Learn to Play

Lawn Bowls is the game that takes a second to learn – but a lifetime to master. 

Lawn Bowls is a precision sport in which the aim is to roll bowls (slightly radially asymmetrical balls) closest to a smaller yellow/white ball (the “jack” or “kitty”). It is played indoors and outdoors on grass or artificial surfaces.

Lawn bowls is usually played on a rectangular, level manicured grass or synthetic surface known as a “green” which is divided into parallel playing strips known as rinks.

In a singles competition, one opponent flips a coin to see who commences a segment of the competition (known as an “end”), by laying the mat and rolling the jack to the other end of the green to serve as a target. Once it has come to rest, the jack is aligned to the centre of the rink and players take turns to roll their bowls from the mat towards the jack and thereby build up the “head” (the cluster of bowls around the jack).

Bowls may curve outside the boundary of the rink, but must come to rest within the boundary to remain in play. Bowls falling into the ditch (at the end of the green) are dead and removed from play – with the exception of when one has made a connection with the jack (known as a “toucher”). “Touchers” are marked with chalk and remain alive in play even if they fall into the ditch.

Similarly, if the jack falls into the ditch it remains alive. The exception to this when the jack finishes beyond the side boundary, resulting in a “dead” end which is either replayed or replaced on a designated spot – depending on the rules of the competition.  Once each competitor has delivered all bowls (two, three or four depending on the competition), the distance from the jack to the closest bowl(s) is determined, and one point (called “shots”) is awarded for each competitor’s bowl which is closer than the opponent’s closest bowl to the jack. For example, where a competitor has three bowls closer to the jack than their opponent’s, they are awarded three shots. The exercise is then repeated for the next end, across a designated number of ends.

Game formats

There are several different formats in which lawn bowls can be played – each designed to cater for the needs of differing audiences.  Finding the right version of the game to suit your needs is all you need to do to enjoy the sport of bowls. 

Traditional Bowls (pennant) is available in all states and is played on a seasonal basis.  For those who are time-poor, there are several versions of social bowls which are a much shorter and sharper version of the game. Jack Attack is a newly developed participation format of the game now available at over 100 clubs around Australia – for more information, click here.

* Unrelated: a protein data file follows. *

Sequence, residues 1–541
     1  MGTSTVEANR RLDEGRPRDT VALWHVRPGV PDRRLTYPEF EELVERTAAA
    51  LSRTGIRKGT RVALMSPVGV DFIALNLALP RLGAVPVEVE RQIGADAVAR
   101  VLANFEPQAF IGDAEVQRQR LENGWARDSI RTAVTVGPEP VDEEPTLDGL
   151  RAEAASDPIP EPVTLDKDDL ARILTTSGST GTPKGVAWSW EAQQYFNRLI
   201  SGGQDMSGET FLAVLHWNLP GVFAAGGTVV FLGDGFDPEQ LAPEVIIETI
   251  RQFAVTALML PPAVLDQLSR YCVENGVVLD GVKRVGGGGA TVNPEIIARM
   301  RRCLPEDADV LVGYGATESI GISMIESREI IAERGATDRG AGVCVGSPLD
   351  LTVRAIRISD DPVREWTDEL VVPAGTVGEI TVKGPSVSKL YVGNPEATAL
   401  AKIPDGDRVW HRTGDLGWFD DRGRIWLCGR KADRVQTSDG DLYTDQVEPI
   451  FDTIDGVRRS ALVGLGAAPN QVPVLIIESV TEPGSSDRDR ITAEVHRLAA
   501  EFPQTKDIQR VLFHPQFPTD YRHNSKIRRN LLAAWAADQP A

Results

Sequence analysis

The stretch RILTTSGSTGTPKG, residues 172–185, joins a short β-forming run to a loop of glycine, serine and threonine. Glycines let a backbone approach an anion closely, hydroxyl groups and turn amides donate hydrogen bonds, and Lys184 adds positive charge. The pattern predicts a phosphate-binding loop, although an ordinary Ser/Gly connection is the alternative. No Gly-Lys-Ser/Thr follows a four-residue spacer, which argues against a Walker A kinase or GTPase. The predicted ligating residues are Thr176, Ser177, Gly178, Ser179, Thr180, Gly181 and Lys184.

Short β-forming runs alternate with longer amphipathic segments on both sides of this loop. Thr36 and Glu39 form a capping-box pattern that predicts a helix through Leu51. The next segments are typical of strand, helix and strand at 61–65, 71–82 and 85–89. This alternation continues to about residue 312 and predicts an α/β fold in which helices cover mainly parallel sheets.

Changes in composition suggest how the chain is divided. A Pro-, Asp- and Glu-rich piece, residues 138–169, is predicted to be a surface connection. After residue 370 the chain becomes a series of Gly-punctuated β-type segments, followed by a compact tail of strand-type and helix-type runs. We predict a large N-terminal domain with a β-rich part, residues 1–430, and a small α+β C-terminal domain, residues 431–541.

There are also many social formats which can be played at almost every club in Australia, which are ideal for corporate days, business bowls, bucks/hens nights and many other social games.


Social Bowls are played in a friendly, fun-filled and relaxed atmosphere. Social Bowls can be run differently from club to club, however, these events are essentially about getting a group of people together and putting down some bowls for fun. Social Bowls may still include scoring and prizes for winners, but the focus is enjoying the game. Clubs will provide bowls for use for players who do not have their own and there are no clothing requirements, although clubs may have request flat-soled shoes or for players to go barefoot. Bowls Australia have developed a great Social Bowls programme called Jack Attack, which has been adopted by many clubs in Western Australia. To book a Social Bowls event or to find out more, contact your local club.


Barefoot Bowls is a close variation on Social Bowls, with players participating, as the term suggests, barefoot. This feeling of freedom tends to relax most players, encouraging a more informal and fun mood throughout play. Whilst some clubs have organised specific Barefoot Bowls days, the game can be connected with any type of activity, whether it’s a birthday party, Christmas party, special event or just a catch up with friends. Contact your local club to book your game of Barefoot Bowls or find out more.


Community bowls (sometimes called Corporate Bowls) are organised bowls events. Generally this will be in the form of a competition held over several weeks with local businesses, community groups or club sponsors entering teams to compete. Although an organised event the competition is generally more relaxed, fun and social in nature. Apart from flat soled shoes or playing barefoot as requirements to protect the green surface no bowls specific clothing is needed. Clubs may also welcome Community Bowls events can also be held as one-off competitions within an individual organisation or business. These are often in the form of a team building, corporate social day or Xmas party. Contact your local club to find out if they have a Community Bowls event or to book a Community bowls day.


Pennant Bowls is the largest graded inter-club competition held in Western Australia, with over 12,000 participants across the state. Generally held in the warmer months, from October to April, the first Pennant Bowls competition in WA was held in 1899. Club members play in a team uniform similar to One Day or 20/20 cricket. The highest grade in the metropolitan area is Premier Division, with further grades from 1st to 6th division, depending on the competition. Most clubs will have multiple teams with selectors who choose players based on skill, ability and team comradery. In the metropolitan area, two competitions are available for men on Saturday and Thursday, whilst women can play on Tuesday, Friday and Saturday. In the country, pennant competitions differ, however the vast majority of clubs play within leagues from surrounding towns and districts. To find out more about playing Pennant Bowls, contact your local club.